Since I wrote this blog post in late 2020, I have been striving to leave a mark as an independent software developer. But what is more, I wanted to build my own things once and for all.
A lot has happened in those two and a half years — many great things to be proud of. I published my first book, wrote many articles for this blog, taught my first programming bootcamp, created an online service that customers still find useful enough to pay for, and helped a few small teams get their next products off the ground — all good stuff.
Yet somehow, while doing all that simultaneously, I lost my focus. What I did not anticipate about being my own boss is that you always have to think ten steps in advance and be everywhere at all times. This can be very tiring if you are alone on your journey, walking against the wind. The other crucial factor I underestimated was how important it is to have other people with whom you work towards your goal - someone with whom you help each other to move forward. It ain’t much fun if you are doing it all alone, all the time.
A couple of months ago, I decided it was time slow things down a little to help myself regain my focus. Ironically, what I have noticed works best for me in such situations is to focus on something else - a challenging problem with some solid positive impact and a group of motivated people working on it, which is why in July, I joined forces with a software company of many talented and super-smart individuals.
So, are you back to a regular job? What will happen to your business? #
Here is the deal - while it is technically a job, the agreement is flexible enough for me to work on company stuff four days a week and still have the full power to keep running my sole business. So, I am not closing shop at all - and will probably not do so in the foreseeable future. What happens is that I am simply reducing my attention to it down to 20%. That should be enough for me to finish some of my still ongoing freelancing duties and slowly go back to the product I wanted to launch last year.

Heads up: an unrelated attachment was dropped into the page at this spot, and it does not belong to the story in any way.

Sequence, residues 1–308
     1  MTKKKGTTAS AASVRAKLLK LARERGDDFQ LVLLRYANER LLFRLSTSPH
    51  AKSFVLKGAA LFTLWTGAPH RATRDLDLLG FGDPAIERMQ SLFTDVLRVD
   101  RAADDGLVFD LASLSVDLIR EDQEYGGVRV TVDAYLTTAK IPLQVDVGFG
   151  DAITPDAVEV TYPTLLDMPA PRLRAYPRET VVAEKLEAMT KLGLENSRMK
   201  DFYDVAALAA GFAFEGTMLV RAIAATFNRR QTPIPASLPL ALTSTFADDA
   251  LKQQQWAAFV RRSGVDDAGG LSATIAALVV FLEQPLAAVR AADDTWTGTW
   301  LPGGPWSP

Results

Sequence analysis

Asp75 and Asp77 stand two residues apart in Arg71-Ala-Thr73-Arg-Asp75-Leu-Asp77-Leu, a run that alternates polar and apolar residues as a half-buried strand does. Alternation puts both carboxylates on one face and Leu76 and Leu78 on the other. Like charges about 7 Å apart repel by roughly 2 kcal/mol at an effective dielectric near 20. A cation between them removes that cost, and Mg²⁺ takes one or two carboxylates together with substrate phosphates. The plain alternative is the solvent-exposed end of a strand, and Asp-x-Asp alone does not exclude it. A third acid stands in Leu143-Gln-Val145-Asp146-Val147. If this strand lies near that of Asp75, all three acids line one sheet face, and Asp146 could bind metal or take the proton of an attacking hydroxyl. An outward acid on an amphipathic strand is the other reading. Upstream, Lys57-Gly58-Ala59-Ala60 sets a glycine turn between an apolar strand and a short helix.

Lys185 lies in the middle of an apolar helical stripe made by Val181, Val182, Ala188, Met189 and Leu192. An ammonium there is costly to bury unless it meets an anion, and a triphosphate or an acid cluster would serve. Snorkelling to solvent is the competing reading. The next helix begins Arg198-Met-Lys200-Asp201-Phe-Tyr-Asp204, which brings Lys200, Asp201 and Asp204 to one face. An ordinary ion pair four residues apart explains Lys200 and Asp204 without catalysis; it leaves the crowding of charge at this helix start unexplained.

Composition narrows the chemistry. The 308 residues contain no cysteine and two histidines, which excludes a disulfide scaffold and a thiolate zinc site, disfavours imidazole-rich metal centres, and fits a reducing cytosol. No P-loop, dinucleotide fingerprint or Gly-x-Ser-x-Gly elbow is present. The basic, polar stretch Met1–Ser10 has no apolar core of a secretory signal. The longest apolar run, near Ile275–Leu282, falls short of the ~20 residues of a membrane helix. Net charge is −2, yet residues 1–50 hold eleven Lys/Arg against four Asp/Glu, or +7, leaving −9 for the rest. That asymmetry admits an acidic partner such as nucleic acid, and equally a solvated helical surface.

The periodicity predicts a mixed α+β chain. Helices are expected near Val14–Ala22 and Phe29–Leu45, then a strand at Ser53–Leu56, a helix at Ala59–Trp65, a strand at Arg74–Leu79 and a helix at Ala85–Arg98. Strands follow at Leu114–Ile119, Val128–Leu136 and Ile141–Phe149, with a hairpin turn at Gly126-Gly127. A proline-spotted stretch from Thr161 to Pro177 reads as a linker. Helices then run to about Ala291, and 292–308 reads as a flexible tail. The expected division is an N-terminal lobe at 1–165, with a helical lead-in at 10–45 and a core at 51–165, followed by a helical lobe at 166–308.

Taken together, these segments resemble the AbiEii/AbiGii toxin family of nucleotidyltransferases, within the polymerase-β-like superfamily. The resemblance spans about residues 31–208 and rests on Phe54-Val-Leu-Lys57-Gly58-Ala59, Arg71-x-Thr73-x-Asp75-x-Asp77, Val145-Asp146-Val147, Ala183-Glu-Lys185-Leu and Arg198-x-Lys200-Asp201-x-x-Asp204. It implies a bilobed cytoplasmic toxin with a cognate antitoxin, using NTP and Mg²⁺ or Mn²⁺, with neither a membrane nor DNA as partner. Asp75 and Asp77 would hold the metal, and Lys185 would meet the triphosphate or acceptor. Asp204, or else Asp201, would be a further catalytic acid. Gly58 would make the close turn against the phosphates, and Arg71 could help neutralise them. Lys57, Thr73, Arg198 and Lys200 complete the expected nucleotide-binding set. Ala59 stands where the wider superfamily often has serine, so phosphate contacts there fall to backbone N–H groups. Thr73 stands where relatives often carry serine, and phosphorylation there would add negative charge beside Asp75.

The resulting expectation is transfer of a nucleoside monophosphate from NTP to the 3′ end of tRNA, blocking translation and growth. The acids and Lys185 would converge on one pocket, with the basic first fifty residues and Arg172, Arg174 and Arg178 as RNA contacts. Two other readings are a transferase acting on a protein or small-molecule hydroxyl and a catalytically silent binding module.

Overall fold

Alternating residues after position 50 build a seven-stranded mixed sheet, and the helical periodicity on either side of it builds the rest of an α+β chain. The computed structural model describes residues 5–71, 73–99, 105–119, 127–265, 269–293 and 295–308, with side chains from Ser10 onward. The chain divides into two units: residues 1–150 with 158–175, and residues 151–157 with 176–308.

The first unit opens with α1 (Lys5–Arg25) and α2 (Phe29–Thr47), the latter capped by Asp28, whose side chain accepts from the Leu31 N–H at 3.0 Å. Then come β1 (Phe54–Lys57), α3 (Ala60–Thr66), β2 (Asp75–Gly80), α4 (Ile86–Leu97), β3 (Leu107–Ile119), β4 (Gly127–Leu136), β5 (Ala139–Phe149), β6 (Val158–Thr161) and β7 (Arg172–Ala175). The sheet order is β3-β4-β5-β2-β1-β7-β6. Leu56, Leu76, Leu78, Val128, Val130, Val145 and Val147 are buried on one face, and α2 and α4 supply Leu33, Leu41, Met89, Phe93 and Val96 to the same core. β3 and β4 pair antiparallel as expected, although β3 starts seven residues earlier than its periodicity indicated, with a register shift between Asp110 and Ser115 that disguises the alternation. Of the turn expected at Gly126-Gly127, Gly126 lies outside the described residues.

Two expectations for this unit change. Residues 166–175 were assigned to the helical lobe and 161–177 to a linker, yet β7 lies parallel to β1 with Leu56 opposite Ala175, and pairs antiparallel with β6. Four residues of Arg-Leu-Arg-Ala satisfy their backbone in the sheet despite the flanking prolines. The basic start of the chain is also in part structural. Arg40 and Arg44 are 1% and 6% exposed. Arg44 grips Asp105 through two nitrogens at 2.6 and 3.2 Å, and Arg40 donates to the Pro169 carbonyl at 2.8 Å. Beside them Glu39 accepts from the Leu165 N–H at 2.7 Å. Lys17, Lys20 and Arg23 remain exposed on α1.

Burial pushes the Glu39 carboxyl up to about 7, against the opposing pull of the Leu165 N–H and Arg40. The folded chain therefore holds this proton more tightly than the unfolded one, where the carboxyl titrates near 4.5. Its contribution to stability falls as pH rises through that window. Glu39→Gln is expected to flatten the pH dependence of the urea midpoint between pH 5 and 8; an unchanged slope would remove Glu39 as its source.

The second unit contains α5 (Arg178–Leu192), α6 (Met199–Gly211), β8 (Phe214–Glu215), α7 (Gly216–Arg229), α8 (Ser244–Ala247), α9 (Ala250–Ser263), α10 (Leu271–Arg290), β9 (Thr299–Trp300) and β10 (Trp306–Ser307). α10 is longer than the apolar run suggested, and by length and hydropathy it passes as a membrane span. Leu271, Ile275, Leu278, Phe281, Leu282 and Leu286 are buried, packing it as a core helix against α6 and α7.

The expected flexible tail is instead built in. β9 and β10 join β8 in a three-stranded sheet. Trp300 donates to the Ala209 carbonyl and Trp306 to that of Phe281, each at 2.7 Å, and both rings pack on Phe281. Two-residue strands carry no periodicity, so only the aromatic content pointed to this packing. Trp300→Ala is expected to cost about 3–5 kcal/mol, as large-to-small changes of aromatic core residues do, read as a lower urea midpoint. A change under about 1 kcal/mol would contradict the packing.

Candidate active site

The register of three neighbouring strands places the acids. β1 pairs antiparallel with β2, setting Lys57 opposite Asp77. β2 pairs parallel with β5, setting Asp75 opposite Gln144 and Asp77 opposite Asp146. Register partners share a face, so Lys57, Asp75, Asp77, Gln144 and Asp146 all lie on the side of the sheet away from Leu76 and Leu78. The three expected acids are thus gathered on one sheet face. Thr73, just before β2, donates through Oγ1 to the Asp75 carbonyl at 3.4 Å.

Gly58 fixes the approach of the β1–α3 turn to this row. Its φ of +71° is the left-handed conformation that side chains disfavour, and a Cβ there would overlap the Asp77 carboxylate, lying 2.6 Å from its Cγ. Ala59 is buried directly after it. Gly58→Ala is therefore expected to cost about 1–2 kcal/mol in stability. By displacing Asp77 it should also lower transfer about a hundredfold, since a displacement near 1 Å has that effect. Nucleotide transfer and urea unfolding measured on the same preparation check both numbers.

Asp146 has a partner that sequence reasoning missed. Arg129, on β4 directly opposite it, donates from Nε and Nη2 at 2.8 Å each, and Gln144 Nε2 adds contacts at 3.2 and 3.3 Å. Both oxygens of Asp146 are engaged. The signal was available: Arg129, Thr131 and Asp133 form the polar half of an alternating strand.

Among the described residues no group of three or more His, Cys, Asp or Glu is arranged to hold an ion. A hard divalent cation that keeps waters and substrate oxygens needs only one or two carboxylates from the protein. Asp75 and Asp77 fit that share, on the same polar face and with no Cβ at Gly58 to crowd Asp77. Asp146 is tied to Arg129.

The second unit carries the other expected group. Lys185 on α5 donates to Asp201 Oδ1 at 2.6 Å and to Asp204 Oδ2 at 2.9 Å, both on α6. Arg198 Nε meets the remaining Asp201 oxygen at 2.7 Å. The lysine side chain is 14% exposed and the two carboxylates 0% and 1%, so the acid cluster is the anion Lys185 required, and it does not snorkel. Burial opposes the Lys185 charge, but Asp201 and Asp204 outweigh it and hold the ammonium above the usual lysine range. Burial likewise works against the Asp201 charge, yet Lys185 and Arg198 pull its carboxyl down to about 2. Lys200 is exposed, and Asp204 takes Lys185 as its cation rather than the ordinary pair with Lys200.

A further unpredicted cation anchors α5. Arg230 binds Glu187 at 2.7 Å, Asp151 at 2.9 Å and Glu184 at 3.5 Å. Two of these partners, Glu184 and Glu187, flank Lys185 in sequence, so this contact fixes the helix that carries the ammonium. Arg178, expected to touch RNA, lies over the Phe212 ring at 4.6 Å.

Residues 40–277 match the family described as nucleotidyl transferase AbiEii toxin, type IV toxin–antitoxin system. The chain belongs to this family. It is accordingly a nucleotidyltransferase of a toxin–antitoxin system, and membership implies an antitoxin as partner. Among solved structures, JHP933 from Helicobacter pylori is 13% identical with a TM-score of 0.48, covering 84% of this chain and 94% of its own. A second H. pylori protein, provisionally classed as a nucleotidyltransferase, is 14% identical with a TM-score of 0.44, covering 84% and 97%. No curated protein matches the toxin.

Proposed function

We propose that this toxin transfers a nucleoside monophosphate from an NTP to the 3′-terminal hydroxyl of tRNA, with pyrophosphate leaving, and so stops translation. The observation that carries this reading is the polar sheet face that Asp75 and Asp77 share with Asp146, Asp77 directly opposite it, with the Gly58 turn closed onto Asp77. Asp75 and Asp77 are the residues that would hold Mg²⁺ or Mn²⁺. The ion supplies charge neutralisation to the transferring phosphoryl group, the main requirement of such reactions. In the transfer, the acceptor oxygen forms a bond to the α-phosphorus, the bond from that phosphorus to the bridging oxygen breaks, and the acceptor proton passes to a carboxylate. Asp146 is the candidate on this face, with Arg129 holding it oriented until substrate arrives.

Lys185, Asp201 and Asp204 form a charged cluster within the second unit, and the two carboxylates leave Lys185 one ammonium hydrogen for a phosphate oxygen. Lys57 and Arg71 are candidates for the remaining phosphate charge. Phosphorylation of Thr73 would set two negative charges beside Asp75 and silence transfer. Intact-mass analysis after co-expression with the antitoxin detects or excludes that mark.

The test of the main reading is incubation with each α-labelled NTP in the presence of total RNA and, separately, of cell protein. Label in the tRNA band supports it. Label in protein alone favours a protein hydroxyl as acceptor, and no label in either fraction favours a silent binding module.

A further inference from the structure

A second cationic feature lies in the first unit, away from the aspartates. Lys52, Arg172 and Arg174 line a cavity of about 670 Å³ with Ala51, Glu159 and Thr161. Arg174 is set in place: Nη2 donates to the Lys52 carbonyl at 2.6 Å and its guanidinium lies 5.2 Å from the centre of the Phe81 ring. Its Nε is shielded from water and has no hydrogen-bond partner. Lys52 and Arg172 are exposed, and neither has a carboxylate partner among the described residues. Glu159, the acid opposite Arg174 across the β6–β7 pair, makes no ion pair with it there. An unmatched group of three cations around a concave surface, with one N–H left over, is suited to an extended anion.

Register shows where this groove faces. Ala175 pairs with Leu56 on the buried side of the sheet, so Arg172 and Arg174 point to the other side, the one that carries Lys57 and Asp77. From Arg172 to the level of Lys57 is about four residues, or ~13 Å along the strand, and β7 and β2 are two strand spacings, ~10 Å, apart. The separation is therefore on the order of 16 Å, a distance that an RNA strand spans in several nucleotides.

Is 20% of your time enough to launch a new product? #
I wrote my book entirely in my free time while still working for my last employer. People vastly underestimate how much you can achieve when you have a clear goal and a set of constraints. Let’s be honest - what some call “peak productivity” is about a third of what people think it is. I achieved most of the above-mentioned things while constantly battling my inner voice and taking long walk/run breaks to refresh my head. I think it will work out.
When are you planning to go back to your things full-time? #
Only time will tell. Given the current economy, it might be sooner than you think 🤷♂️ But let it be known that I am not really going anywhere. I am still here and will keep pushing stuff forward.
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